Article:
Canadians don't grasp the dire straits the coast guard is in, expert says
Murray Brewster, CBC News, 7 September 2016
The majority of the Canadian Coast Guard fleet is so old that its book value is almost worthless, says an independent report presented to the Liberal government.
A third-party analysis was commissioned by the agency, which has for the last 20 years fallen under the responsibility of the Fisheries Department.
A heavily censored copy of the report, which was included in a briefing package for former fisheries minister Hunter Tootoo, was obtained by CBC News under the Access to Information Act.
It pulls no punches when it comes to the state of the fleet that performs vital ice-breaking and life-saving search and rescue functions on all three coasts.
"A significant amount of the fleet is fully depreciated," says the undated report written by analysts Bill Austin and Carl Hegge.
At least one expert says he doesn't believe the public has grasped the dire state of the service and how — in some cases — it's worse off than the navy, whose aging warships have gotten more attention.
"The coast guard has always been ignored within the federal family," said Rob Huebert, an expert on Arctic and offshore issues at the University of Calgary. "It performs an absolutely essential function, but I'm convinced most Canadians aren't even aware of the coast guard, let alone know what it does."
Rising maintenance bills
The average age of vessels in the fleet is 34 years old.
Under normal circumstances, the situation might not be as bad had successive federal governments — going back 20 years to Jean Chrétien's deficit-slashing Liberals — invested in upkeep of the ships.
The coast guard "has been faced with an insufficient budget for a very long time," the report says, although the problems became particularly acute under the former Conservative government.
"Maintenance and repair budgets were allocated less than needed to meet full life-cycle requirements over the past decade. By making the decision to reduce maintenance, trying to extend the life of the asset is more difficult and repair costs are increased."
The report says "billions of dollars have been and would be required to reinvest" in all of the coast guard's assets, including ships, helicopters, communication towers and navigational aids.
Some of the blame for the sorry state of the agency can be heaped on the coast guard itself, the report suggests.
It has not been aggressive enough in making its case for better funding and has held on to "inefficient programming influenced by socio-economic pressure."
The censored version of the report does not define which programs were suspect, and the coast guard, when asked, did not spell out what reviewers considered inefficient.
Instead, in an email the agency pointed to a recent decision by the federal government to spend $45.9 million over two years to improve the dependability and efficiency of navigational aids. How that system might have been inefficient or influenced by socio-economic pressures remains unclear.
CBC News asked for an interview with coast guard commissioner Jody Thomas last week, but an agency official repeatedly insisted on having "more specifics about what you want to speak to her about in advance of an interview."
Other countries in the same boat
The coast guard defended itself on the book value of the fleet, admitting it has been underfunded, but said the Liberal government has recognized the fact and is committed to more incremental funding, pending various review exercises.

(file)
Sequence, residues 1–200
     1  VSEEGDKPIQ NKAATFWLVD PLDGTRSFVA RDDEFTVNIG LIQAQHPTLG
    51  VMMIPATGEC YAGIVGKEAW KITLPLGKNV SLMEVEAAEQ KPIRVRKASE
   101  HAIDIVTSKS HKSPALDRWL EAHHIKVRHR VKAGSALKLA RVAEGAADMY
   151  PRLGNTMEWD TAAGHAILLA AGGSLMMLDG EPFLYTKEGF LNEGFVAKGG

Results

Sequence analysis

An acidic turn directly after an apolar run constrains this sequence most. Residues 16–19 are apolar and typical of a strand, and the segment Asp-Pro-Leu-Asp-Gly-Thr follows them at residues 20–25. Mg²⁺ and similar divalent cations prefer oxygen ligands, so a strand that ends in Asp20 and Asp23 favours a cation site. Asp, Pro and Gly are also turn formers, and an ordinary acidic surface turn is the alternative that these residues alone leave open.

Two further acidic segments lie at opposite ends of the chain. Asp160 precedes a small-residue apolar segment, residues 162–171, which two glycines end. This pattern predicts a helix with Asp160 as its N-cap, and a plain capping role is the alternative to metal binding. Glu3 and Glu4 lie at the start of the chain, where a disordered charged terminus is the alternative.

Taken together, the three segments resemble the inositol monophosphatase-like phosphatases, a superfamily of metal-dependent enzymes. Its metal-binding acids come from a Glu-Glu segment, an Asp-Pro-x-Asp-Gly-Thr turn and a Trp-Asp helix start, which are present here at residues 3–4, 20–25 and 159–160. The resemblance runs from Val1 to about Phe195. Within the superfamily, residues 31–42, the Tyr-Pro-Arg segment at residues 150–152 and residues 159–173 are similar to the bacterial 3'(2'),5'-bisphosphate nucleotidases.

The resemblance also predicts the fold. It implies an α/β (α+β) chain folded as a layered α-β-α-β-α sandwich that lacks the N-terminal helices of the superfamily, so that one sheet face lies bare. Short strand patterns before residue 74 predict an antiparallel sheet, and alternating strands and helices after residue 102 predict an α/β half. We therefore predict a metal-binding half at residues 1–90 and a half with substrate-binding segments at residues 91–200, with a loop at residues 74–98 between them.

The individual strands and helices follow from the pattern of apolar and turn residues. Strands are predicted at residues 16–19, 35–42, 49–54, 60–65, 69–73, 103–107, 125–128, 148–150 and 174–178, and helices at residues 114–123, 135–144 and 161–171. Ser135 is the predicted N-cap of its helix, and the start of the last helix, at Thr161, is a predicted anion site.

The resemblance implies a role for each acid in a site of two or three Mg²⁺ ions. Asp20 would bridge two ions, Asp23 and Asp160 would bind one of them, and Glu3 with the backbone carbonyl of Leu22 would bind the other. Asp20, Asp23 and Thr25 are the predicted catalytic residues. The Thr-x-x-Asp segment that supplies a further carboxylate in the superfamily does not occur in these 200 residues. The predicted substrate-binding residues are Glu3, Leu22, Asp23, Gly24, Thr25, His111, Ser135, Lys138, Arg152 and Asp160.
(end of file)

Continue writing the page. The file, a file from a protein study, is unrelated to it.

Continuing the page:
It also insisted its ships are safe, but spend longer times out of service as crews try to keep them running.
"An aging fleet is not a uniquely Canadian issue — the United States Coast Guard (for one) is facing the same issues, as do many asset heavy organizations," the agency said in an email.
Huebert said that just because the book value is gone, it doesn't mean the coast guard vessels are worthless to the country.
But he said the time is rapidly approaching when Canada's coast guard might not be able to respond to individual life-threatening search and rescue cases — or an environmental emergency.
"The coast guard needs more money and more long-term money to come anywhere near close to doing what we require it to do," he said. "This isn't something that would be just nice to have. These are completely essential tasks. We just don't seem to get our act together to provide the necessary funds."
2nd warning about fleet
The report marks the second time in several months that the Liberals have been warned about the state of the coast guard.
Shortly after the election, a statutory review of transportation infrastructure, headed by former Conservative cabinet minister David Emerson, painted a grim portrait.
The report hit many of the same notes and suggested that the agency was being taken for granted.
"Indeed, for such a critical piece of transportation infrastructure, the Canadian Coast Guard is not receiving the political attention, or the administrative and financial resources it requires," the Emerson report says.
There are new ships on order under the National Shipbuilding Strategy, but they have been painfully slow in coming after the program was put in motion almost six years ago.
Vancouver-based Seaspan Shipyards is building replacement vessels and is one of two companies designated as the federal government's go-to shipbuilders.
The first in a series of science vessels has been under construction, but the major project to build a heavy icebreaker is not expected to get underway until the 2021.
Quebec-based Davie Shipyards last spring pitched a roughly $1.7-billion unsolicited proposal to build — or re-purpose — a fleet of icebreakers and support ships for the coast guard.
The Liberals publicly rejected the plan, but officials privately told federal ministers that leasing ships could be an option.
For the original report and more photographs, see: Coast guard fleet deteriorated